~ Housing
We appreciate the intention to address poor housing conditions and to meet priority need with the additional resources of nearly £800 million over 2 years. However priority need is not specified. Does this refer to those legally defined as ‘homeless’ and in ‘priority need’ or is ‘priority need’ to be decided by local authorities.


As there has been no new housing legislation to reverse the removal of responsibility from authorities to permanently house those that are ‘homeless’ and in ‘priority need’ (HMSO 1996) this initiative, funded by the Governments Capital Receipts Initiative is unlikely to address homelessness.

 Targets for Improvement

New targets have been suggested for reducing deaths from heart disease and stoke, reducing accidents, reducing deaths from cancer and reducing deaths from suicide.
Unless decent, affordable, permanent housing is available for all, homelessness will persist and there will be barriers to achieving these targets.

Target Barrier
  • Heart disease and stroke due to:

  • Poor diet

  • lack of cooking facilities

  • lack of food storage

  • lack of money Stress
  • overcrowding
  • Cancer Difficulty keeping / securing screening appointments
  • mobility – non-delivery of call / recall letters.
  • mobility – non-delivery of call / recall letters
  • Stress
  • Lack of play space
  • Faulty fittings – gas / electricity
  • Accidents Poor facilities – Live and cook in same room
  • Stress
  • Disrepair of buildings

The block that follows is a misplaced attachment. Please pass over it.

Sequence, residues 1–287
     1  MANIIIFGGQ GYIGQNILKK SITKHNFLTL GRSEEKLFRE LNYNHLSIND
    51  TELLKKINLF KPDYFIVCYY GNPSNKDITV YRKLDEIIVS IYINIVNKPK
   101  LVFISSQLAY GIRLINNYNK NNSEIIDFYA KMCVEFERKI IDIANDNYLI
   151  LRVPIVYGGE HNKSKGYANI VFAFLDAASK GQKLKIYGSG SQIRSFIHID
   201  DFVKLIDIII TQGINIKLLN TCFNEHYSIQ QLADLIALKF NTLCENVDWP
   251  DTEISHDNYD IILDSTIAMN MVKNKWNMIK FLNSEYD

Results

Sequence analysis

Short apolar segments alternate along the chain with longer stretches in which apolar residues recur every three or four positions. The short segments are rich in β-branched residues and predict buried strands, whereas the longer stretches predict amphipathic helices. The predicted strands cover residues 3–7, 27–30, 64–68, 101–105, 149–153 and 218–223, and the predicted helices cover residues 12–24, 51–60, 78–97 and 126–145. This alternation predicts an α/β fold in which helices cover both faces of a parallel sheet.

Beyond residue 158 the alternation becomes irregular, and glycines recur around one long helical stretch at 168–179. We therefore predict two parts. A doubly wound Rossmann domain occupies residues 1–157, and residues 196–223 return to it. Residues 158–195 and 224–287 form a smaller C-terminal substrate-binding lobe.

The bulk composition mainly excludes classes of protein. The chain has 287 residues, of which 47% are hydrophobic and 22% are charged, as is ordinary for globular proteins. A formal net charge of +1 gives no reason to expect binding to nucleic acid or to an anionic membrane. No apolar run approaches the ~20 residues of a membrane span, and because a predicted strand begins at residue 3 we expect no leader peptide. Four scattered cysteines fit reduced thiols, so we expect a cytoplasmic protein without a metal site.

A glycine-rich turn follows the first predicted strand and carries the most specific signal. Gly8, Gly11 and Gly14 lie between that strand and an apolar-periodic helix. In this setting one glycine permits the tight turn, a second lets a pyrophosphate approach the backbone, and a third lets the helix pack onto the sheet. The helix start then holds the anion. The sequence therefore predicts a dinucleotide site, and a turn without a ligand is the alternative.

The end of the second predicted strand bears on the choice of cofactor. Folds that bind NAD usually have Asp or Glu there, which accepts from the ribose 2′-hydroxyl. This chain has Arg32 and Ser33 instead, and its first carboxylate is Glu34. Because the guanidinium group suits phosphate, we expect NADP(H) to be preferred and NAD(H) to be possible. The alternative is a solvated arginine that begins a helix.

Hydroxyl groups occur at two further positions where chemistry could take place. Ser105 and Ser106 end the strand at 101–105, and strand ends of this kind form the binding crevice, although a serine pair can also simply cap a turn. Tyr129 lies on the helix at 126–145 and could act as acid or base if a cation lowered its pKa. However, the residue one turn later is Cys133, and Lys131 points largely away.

• Parents lack control in shared environment
  • marital breakdown
  • Uncertain future
  • Disempowerment
  • Mental health Stress and overcrowding –
    anxiety, depression, family strife
  • Suicide is the biggest single cause of death for young single homeless people. The life expectancy of someone who sleeps rough is 42 years, compated with national average from men at 74 years and 79 years for women. (Crisis 1996)

Acess to Services

Despite the health needs of homeless people being high, access to services is poor.
Many families in temporary accommodation are moved away from their primary health care teams and do not know where to access service or are reluctant to change (Health Visitor’s Association and General Medical Services Council 1989). Because of the temporary nature of their accommodation they may secure only temporary registration at a GP and therefore treated by practitioners who do not have access to their medical histories. Similarly, distance from other support agencies may make access difficult for clients or have cost implications for agencies such as social services. The intention to improve access to services is applauded.